I have been helping people with their health issues for 30 years now and I believe I have learned a lot of things over those decades. I have learned we do not necessarily always know the truth. Medical opinions change with increased knowledge and better information.
I remember when we told everyone to quit eating eggs if you needed to lower your cholesterol. Well, now we have decided it is okay to eat some eggs in moderation. It used to be common practice to advise all women to take calcium. Now, not so much. Calcium probably will not hurt you, but it also probably does not help as much as we thought.
Medical advice and opinion tend to shift and change all of the time. There are some basic truths (at least, I think there are) that still make sense. For instance, if you have high blood pressure, you should do everything you can, including taking medication if necessary, to reduce your blood pressure to normal levels. This will dramatically lower your risk of heart attack and/or stroke. Getting regular sleep is really good for your overall energy and mood. Regular exercise will increase your energy and enhance your life. Still true!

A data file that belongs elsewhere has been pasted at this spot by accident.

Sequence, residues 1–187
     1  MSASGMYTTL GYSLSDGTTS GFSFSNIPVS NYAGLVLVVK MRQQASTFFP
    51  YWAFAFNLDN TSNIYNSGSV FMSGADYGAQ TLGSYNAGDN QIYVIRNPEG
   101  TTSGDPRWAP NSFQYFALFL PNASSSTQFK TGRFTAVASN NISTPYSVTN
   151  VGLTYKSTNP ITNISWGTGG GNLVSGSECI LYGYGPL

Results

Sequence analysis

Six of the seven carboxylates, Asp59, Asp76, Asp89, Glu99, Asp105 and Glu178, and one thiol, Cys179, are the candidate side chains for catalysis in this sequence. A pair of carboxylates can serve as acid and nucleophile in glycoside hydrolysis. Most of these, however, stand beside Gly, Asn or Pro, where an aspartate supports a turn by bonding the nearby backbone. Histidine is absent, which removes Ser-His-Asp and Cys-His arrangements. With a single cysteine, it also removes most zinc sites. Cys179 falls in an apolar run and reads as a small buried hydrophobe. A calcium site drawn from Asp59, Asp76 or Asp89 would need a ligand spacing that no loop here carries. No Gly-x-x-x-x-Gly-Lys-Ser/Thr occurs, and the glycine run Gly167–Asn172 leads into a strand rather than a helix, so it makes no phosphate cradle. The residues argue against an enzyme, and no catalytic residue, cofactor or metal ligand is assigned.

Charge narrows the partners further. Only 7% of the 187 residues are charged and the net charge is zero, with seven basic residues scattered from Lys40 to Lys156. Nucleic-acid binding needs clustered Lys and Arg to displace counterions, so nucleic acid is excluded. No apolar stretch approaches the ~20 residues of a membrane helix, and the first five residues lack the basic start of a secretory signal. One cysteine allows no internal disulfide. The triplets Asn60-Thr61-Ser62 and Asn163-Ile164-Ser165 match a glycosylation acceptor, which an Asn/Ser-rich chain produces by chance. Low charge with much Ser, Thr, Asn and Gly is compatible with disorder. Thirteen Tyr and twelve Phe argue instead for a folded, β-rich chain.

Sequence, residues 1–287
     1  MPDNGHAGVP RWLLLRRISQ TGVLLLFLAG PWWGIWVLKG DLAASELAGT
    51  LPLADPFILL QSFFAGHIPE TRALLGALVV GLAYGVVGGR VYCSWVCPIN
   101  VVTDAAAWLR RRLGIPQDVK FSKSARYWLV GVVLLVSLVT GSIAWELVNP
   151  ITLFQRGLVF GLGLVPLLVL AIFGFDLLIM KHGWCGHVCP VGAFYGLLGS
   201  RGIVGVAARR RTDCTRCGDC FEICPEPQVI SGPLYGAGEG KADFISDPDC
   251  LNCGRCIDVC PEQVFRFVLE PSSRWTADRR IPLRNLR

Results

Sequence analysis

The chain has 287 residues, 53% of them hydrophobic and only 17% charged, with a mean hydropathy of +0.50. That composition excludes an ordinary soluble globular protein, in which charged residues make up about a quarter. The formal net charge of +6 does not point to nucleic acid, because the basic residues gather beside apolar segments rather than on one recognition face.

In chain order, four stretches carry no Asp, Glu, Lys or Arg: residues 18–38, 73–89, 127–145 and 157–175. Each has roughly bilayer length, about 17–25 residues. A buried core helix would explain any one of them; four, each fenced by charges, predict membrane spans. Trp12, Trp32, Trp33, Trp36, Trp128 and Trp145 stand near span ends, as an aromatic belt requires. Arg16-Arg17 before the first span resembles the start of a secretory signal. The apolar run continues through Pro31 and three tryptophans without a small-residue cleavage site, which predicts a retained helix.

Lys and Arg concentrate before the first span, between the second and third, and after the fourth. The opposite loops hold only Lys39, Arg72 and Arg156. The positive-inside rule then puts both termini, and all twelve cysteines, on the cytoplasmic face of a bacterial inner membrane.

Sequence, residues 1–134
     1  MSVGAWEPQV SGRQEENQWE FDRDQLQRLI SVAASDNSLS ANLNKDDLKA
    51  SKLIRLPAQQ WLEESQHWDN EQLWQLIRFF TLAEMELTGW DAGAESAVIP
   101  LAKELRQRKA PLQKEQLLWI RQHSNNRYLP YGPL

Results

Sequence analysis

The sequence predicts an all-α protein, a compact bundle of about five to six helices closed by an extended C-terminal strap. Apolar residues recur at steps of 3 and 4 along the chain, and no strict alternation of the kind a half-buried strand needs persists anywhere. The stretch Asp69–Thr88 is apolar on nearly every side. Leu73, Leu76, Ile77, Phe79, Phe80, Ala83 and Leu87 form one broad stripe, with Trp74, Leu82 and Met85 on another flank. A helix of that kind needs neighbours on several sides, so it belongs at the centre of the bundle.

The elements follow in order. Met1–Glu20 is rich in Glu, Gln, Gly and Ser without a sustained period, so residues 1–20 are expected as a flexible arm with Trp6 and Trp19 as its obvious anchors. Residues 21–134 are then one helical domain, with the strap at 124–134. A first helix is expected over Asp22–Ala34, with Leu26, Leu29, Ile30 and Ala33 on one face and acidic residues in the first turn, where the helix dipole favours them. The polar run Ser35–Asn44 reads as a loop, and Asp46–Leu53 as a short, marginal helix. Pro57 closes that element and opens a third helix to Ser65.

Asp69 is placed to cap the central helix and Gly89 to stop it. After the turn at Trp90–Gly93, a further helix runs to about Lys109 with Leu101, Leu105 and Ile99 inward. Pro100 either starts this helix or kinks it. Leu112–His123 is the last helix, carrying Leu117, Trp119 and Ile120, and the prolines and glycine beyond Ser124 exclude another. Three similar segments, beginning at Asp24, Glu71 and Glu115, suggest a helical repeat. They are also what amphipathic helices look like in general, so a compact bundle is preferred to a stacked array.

Supplements are very popular today. I personally take them and I think they are helpful. However, recently I was listening to a popular wellness radio show and the host was taking lots of supplements. He was recommending all sorts of stuff to help with weight loss, memory, fatigue, energy, skin, bloating, and a multitude of other common ailments.
I tried to calculate how much it would cost to take everything he was recommending as a must-have. NO ONE could afford to spend that kind of money! It was over a thousand dollars a month.
Again, I am not against supplements. I take them myself. But I think some common sense should be used in deciding which supplements to take. Part of the problem of deciding what to take is filtering through all the noise around supplements.
Many mainstream doctors avoid recommending supplements altogether. We have been trained to look for documentation of efficacy through double-blind studies. It is really hard to find long-term, double-blind studies when it comes to supplements. I know there are a few good studies, but they are often biased in their design.
Over the next few weeks, I will blog about my thoughts and recommendations on supplements. I will not quote any studies. These recommendations will be based off of my personal experience and my own research of available information (which changes frequently).
I hope you will find this information practical and informative.
Wishing You an Amazing Life,
Dr. Curtis Brown